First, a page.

Originally posted on 05-13-07
In the post on 05/11, I talked about the brain being a decision-making mechanism. An interesting thing about that is that the brain doesn’t know how it makes decisions, any more than it knows how it sees.
Our ability to think abstractly and to make tools has allowed us to look at how our brains work in ways we never could when we could only look from inside, and one of the areas most studied is vision.
There is a whole big chunk of the brain involved in vision, but none of the individual pieces knows what it’s doing. There are neurons that only fire when there are horizontal lines in our field of view, but they don’t have a clue what a horizontal line is—they get a stimulus, they fire. The output from this and other specialized neurons gets sent on to still others, and they fire when they are stimulated by a particular pattern of inputs. As multiple pattern-recognition neurons pass their signals along, eventually a combination of patterns reaches an area of the brain that deals with language, and the “tree” neuron fires, or maybe the “oak tree,” or “pine tree” neuron. These neurons don’t “know” what they are responding to—they just get stimulated and they fire. They may actually be responding to a memory rather than to a current stimulus.
The visual process doesn’t occur in a vacuum, of course. Other parts of our brains are monitoring our senses, the position of our bodies, etc. All this current sensory processing is occurring in the context of our individual histories, with all our previous experience of trees, along with our experience of all the other aspects of the present situation, and all of it put together results in “The Feeling of What Happens” when we see a tree.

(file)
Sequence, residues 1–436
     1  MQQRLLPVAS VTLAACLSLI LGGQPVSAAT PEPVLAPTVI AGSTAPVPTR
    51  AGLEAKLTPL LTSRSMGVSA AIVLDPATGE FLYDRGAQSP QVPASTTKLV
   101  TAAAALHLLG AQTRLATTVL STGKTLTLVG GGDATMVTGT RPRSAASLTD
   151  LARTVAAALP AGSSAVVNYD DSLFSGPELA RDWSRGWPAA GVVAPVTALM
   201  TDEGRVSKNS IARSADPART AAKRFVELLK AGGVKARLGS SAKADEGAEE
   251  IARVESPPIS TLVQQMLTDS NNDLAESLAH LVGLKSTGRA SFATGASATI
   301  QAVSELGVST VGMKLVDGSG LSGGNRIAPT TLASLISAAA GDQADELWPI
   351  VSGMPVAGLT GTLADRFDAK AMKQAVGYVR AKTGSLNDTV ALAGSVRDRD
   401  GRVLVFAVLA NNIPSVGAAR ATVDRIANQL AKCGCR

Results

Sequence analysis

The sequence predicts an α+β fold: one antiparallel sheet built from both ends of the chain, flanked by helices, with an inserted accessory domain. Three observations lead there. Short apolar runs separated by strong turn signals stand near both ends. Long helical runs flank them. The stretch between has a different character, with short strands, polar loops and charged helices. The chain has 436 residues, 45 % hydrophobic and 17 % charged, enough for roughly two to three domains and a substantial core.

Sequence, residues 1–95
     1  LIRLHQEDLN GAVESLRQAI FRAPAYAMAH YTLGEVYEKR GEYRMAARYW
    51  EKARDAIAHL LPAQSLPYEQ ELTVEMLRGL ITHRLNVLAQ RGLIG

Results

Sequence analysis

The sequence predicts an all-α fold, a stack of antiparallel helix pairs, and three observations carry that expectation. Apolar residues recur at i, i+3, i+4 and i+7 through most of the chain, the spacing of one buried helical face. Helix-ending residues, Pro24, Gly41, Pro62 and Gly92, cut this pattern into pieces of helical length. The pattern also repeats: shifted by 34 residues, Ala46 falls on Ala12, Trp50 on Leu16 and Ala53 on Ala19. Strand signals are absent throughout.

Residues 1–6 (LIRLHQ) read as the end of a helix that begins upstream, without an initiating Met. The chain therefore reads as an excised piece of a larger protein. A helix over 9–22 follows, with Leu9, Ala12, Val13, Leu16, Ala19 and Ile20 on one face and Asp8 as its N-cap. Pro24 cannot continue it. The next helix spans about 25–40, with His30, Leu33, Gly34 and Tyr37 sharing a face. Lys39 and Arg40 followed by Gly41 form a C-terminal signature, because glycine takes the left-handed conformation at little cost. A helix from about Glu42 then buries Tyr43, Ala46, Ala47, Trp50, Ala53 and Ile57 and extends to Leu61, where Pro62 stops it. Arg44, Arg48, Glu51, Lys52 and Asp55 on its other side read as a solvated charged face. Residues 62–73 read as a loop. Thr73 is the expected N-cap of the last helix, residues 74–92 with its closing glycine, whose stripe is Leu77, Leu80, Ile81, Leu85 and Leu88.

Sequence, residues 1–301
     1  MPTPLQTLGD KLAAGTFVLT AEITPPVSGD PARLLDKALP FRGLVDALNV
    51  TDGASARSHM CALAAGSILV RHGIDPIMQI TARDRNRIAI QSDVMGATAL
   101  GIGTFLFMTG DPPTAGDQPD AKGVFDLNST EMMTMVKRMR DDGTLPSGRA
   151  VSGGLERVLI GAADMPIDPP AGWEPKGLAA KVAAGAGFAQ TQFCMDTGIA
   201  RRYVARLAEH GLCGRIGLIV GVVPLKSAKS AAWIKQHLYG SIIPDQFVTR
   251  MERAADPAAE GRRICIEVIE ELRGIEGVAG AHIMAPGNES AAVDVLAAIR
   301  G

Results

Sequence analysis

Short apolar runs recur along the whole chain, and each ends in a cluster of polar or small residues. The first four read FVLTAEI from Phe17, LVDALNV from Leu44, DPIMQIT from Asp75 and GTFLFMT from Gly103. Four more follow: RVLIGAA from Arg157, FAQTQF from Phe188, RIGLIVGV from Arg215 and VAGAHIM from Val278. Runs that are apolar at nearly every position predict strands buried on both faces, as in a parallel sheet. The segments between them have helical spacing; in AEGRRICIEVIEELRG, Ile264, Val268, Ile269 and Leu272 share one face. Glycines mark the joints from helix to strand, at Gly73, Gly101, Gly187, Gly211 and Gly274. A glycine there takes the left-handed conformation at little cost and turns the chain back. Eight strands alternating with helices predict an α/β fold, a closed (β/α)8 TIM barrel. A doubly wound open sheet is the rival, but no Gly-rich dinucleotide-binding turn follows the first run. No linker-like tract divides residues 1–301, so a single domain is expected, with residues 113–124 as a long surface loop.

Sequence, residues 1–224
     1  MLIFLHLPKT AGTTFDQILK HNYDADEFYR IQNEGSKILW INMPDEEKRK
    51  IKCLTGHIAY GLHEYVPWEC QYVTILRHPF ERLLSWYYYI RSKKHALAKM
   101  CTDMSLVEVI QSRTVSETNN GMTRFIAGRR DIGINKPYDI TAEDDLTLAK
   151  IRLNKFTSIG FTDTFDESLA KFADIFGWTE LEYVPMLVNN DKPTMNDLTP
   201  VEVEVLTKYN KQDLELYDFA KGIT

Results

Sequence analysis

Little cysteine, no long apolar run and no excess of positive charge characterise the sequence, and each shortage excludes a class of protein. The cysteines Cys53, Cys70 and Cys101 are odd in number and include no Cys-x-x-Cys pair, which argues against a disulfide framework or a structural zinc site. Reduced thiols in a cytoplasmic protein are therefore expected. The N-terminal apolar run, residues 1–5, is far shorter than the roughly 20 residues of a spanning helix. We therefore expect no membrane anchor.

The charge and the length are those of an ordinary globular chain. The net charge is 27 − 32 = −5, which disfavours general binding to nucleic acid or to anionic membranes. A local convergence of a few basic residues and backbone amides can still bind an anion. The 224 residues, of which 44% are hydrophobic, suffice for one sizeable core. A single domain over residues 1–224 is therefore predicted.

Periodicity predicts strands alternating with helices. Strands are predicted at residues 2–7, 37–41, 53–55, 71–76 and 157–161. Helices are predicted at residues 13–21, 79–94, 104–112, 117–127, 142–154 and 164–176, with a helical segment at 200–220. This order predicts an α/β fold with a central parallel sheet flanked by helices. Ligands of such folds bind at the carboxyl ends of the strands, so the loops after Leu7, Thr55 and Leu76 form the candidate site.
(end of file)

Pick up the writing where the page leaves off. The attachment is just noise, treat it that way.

That expression in quotes is the name of an excellent book by Antonio Damasio. I differ with him on some of his conclusions, which I’ve written about here, but his books have given me many wonderful insights for which I’m grateful.
A guy I used to work with once asked me what I was reading about, and when I said it was about how the brain works, he said, “Your brain is like the telephone: you don’t need to know how it works to use it.” True, but the more we know about how it works, the more strange and wonderful our experience of the world and ourselves becomes. It’s pretty amazing to be here.
Water Knows Granite